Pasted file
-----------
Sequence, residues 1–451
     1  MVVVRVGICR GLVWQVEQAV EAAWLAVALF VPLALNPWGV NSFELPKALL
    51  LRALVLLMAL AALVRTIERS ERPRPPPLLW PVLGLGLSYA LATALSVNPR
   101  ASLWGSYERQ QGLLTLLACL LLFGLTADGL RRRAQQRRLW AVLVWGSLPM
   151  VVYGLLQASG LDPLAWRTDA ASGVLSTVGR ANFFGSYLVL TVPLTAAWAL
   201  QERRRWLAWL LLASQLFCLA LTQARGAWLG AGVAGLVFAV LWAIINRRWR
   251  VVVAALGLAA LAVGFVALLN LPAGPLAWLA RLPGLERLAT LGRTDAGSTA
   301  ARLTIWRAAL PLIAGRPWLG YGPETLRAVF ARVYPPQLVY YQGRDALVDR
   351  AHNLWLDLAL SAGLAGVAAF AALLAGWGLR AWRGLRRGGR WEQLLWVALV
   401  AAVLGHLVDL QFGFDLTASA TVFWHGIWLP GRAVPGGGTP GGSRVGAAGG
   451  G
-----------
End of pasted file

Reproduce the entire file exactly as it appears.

Sequence, residues 1–451
     1  MVVVRVGICR GLVWQVEQAV EAAWLAVALF VPLALNPWGV NSFELPKALL
    51  LRALVLLMAL AALVRTIERS ERPRPPPLLW PVLGLGLSYA LATALSVNPR
   101  ASLWGSYERQ QGLLTLLACL LLFGLTADGL RRRAQQRRLW AVLVWGSLPM
   151  VVYGLLQASG LDPLAWRTDA ASGVLSTVGR ANFFGSYLVL TVPLTAAWAL
   201  QERRRWLAWL LLASQLFCLA LTQARGAWLG AGVAGLVFAV LWAIINRRWR
   251  VVVAALGLAA LAVGFVALLN LPAGPLAWLA RLPGLERLAT LGRTDAGSTA
   301  ARLTIWRAAL PLIAGRPWLG YGPETLRAVF ARVYPPQLVY YQGRDALVDR
   351  AHNLWLDLAL SAGLAGVAAF AALLAGWGLR AWRGLRRGGR WEQLLWVALV
   401  AAVLGHLVDL QFGFDLTASA TVFWHGIWLP GRAVPGGGTP GGSRVGAAGG
   451  G